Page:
Schwarzenegger says illegal immigrants aren’t to blame for fiscal crisis
Gov. Arnold Schwarzenegger said Wednesday that the claim by some conservative activists that illegal immigration is to blame for all of the state’s fiscal problems is ignorant and bigoted.
The governor made his comments during a public forum at The Times building in downtown Los Angeles, where he expressed frustration with anti-tax organizations and others seeking to derail a package of ballot measures that will come before voters in a May 19 special election. Schwarzenegger and lawmakers placed the measures on the ballot as part of the budget agreement they reached in February.
“Anyone who says you have a budget crisis because of undocumented immigrants, I would say this is a prejudiced comment rather than reality,” the governor said, challenging a claim regularly made by opponents of his fiscal plans.
Most of the ballot measures, however, are trailing in the polls.
If approved, they would put restraints on future state spending while extending the life of recently enacted tax increases on vehicles, retail sales and personal income from two to four years.
The propositions also authorize borrowing $5 billion from future lottery earnings and hundreds of millions of dollars in cuts to services for the mentally ill and early childhood education. Additionally, they would freeze the pay of state elected officials when there is a deficit.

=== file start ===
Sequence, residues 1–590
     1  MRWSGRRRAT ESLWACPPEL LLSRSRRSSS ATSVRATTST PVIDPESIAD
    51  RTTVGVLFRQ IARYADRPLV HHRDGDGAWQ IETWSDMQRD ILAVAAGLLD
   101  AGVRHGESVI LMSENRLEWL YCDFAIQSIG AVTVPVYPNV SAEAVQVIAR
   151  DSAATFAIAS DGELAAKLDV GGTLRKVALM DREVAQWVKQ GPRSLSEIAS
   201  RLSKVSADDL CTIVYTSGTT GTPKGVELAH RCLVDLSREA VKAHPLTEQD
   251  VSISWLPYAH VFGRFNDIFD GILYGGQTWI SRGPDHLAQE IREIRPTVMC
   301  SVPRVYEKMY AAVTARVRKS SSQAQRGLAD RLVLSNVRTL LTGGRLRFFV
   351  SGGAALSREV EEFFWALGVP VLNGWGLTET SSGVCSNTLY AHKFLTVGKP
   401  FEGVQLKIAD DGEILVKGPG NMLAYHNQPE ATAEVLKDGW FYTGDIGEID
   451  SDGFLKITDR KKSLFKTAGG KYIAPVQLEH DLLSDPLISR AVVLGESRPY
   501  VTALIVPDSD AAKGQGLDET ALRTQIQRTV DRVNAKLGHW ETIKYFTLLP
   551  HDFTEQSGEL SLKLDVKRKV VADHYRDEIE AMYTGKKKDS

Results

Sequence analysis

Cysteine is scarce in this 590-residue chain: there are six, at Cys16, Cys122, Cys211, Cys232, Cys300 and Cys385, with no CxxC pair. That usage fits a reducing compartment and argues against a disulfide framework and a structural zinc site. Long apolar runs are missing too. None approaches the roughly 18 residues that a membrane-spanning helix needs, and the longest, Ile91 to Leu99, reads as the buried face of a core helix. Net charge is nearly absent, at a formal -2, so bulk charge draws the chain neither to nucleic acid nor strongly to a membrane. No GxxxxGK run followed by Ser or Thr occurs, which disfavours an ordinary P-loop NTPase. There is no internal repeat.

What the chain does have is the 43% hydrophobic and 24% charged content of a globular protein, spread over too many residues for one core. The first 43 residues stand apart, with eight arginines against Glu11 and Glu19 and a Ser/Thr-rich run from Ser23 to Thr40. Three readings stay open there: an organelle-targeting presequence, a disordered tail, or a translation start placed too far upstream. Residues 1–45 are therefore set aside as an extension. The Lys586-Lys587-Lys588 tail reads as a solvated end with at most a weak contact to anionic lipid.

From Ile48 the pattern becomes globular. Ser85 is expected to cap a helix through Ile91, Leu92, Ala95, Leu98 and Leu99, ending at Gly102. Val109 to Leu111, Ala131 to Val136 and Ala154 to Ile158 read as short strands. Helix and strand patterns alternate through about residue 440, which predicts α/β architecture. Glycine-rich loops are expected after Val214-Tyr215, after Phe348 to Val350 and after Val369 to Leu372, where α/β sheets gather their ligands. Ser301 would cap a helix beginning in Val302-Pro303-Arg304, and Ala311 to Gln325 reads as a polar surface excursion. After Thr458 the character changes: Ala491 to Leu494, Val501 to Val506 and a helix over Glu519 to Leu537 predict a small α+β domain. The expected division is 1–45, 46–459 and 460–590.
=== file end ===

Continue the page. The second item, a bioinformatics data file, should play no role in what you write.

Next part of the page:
If voters reject the measures, the state’s budget shortfall would grow substantially.
The governor, whose low approval ratings have analysts questioning how effective a pitchman he will be for the measures, expressed confidence that they will prevail next month. Analysts are not counting the governor out. A well-financed opposition campaign has yet to emerge, and supporters of the measures have drawn endorsements -- and campaign cash -- from numerous influential groups, including the California Teachers Assn.
Schwarzenegger derided opponents of the package -- on the political right and left -- as ideologues who seek to take the state “over the cliff.”
“If it were up to them, this state would come to an end because they would never agree on anything,” he said.
Schwarzenegger has been seeking to enact a cap on state spending since he first came to office.
Lawmakers rejected his first attempt, followed by rejection by voters in the 2005 special election.
The spending restraints are in place in several other states, creating rainy-day funds their governments have been able to dip into to blunt the impact of the economic downturn.
In response to a question about Californians getting a much smaller return on every dollar they pay in federal taxes than residents of many other states, the governor said: “I would say the California congressional delegation is less effective because Democrats and Republicans are not working together as well as in states like in Texas and in Florida.”